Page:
By Elin Andersdotter Fabre and Miriam Matthiessen, October 31 2018
Did you know that today is World Cities Day? In light of the recently published IPCC report, we should capitalise on this day and make sure citizens, development professionals and policy-makers understand the role cities play in shaping our future. ’Cities are where the battle for sustainable development will be won — or lost if we fail’, as Jan Eliasson and Ban Ki-moon used to put it.
Why sustainable cities for all is the most important battle of our generation
The IPCC report particularly points out that there is an urgent need for bold decision-making and a transformation of our consumption patterns. Here, cities are at the heart of the issue. Many are unaware that over half of the world’s inhabitants live in cities and that the urban population will increase to 80% during the next generation. We will have to build as much new city structure as has been built throughout the history of humanity. About 75% of all energy use takes place in our cities and 75% of all emissions come from cities. 1 billion people live in urban slums, in southern Africa over 60% of the population. One in ten lacks access to clean water. 2.4 billion people – one in three – lack access to a toilet. Inequality increases fastest in cities, even in Northern Europe. To summarise, cities embody most challenges related to infrastructure, energy, climate change, water and sanitation but also inequality, that we so urgently need to tackle now in order to prevent a disaster.
Cities are where future generations will prosper or fail
At the same time, urbanisation contributes enormously to economic growth. 75% of the world’s total GDP is generated in cities. Cities is where growth and innovation take place and is therefore the answer to where we will find resources and develop technology to achieve the necessary transformation. It is where the inequality gap can be closed, and future generations can prosper. A recent New York Times article highlights interesting new research from Harvard and Brown scholars. They show that the neighbourhood where a child grows up will shape their prospects of living a prosperous life. Moving just one kilometre in a relatively young age can actually be life-changing. A child from one area will be more likely to be incarcerated and less likely to be employed compared to another child growing up just a few blocks away. Of course, schooling and parenting is also important, but the researchers believe that much of this variation is driven by the neighbourhoods themselves, and what matters the most is the environment within about half a mile of a child’s home.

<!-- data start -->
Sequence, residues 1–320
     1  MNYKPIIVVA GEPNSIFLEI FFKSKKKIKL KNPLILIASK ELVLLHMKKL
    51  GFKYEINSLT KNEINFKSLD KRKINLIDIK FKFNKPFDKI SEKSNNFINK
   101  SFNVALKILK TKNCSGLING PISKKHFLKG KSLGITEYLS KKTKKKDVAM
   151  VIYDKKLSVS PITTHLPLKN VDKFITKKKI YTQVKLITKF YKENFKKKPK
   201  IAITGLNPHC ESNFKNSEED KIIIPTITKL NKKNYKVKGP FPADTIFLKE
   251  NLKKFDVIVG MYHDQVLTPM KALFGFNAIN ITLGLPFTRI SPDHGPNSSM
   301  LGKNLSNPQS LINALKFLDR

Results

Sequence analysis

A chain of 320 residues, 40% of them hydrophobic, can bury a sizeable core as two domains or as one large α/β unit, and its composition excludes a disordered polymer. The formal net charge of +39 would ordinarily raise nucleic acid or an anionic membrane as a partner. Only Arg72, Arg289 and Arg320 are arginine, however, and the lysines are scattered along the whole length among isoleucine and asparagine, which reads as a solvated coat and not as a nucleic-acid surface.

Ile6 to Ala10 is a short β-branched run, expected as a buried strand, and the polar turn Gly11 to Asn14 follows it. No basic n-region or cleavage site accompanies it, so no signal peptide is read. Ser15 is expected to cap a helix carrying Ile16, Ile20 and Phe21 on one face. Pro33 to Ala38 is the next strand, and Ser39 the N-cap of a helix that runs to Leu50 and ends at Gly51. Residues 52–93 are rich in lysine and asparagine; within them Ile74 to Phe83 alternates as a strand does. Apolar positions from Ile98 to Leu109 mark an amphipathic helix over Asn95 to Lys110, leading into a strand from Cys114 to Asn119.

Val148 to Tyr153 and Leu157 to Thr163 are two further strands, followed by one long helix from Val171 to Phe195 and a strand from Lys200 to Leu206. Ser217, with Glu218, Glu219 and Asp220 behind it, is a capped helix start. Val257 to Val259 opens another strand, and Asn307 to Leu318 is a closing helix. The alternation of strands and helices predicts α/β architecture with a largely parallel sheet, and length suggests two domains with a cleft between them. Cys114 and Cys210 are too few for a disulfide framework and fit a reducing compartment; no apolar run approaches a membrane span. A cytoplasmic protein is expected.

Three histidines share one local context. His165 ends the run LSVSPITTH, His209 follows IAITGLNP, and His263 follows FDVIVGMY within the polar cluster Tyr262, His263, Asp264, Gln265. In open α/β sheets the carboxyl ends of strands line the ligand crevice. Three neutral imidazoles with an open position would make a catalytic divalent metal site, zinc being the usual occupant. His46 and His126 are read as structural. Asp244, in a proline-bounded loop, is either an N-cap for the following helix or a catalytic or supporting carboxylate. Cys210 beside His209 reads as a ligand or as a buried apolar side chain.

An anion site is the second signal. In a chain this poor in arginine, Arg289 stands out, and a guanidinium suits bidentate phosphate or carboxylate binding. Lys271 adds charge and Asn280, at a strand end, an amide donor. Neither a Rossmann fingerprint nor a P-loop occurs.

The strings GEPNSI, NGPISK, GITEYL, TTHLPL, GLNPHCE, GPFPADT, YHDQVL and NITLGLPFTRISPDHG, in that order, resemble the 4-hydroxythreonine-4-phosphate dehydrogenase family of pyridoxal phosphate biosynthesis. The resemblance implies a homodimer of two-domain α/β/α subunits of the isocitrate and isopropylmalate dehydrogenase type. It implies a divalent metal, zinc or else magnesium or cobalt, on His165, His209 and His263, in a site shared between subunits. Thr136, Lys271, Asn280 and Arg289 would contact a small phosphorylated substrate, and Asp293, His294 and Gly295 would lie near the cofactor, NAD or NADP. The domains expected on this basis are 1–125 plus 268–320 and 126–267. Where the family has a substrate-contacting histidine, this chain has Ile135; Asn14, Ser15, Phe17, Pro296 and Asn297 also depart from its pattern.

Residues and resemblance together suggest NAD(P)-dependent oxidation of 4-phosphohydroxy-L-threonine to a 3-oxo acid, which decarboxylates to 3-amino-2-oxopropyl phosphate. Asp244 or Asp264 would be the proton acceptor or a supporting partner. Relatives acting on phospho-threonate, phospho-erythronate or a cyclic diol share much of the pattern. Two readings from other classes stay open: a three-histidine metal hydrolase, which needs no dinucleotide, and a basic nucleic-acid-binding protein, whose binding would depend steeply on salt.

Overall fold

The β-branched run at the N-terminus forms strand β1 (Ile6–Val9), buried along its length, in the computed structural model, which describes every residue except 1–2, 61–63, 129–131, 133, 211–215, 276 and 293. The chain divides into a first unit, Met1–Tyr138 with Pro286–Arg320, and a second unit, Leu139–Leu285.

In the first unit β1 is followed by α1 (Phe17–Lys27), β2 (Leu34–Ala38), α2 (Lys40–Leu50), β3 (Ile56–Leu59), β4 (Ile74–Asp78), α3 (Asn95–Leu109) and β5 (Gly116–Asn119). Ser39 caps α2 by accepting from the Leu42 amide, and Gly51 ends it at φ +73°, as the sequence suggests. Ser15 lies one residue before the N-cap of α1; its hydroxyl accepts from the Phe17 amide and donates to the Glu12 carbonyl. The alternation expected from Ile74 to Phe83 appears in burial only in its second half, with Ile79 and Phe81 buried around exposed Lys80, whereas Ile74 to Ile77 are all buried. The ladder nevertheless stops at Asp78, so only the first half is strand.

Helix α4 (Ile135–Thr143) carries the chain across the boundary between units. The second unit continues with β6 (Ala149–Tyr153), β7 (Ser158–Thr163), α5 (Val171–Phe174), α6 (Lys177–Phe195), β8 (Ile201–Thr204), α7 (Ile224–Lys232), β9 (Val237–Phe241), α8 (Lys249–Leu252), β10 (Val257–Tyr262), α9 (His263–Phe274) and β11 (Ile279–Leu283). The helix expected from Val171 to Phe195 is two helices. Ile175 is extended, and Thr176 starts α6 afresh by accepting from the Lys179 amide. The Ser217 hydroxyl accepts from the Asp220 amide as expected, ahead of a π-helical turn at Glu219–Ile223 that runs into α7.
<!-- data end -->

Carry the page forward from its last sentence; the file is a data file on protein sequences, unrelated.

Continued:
How do we create better neighbourhoods?
As a consequence, American housing authorities are testing whether they can provide support for families to move where opportunity already exists. But what if we tried to make focus on improving the neighbourhoods instead? In a pilot project in Botkyrka, outside Stockholm, this possibility is currently being explored by a group of girls, municipal officers, architects, researchers, companies and organisations. Inspired from local work in the Global South, they are in the process of developing tools to transform public spaces in neighbourhoods, with the intention to create a toolbox that could be used globally. It builds on a principle highly recommended in slum upgrading, which is to avoid moving people from one spot to another, and instead capitalise on the neighbourhood’s untapped potential to make people want to stay – even if and when they can afford to move.
But what should a prosperous neighbourhood look like?
Researchers have yet to understand exactly what leads some neighbourhoods to play a nurturing role for children, although they do point to some characteristics. The bottom line is the importance of creating good neighbourhoods where people in disadvantageous situations are given an opportunity to prosper. Many suburbs were built around the car with the needs of a white, middle age, economically prosperous man in mind. What would happen if we build with the needs of young women of colour in mind instead? As the built environment in our current neighbourhoods has in many ways been detrimental to both people and planet, this could be one of the keys to our generation’s greatest battle.
Photo credit: Stijn te Strake on Unsplash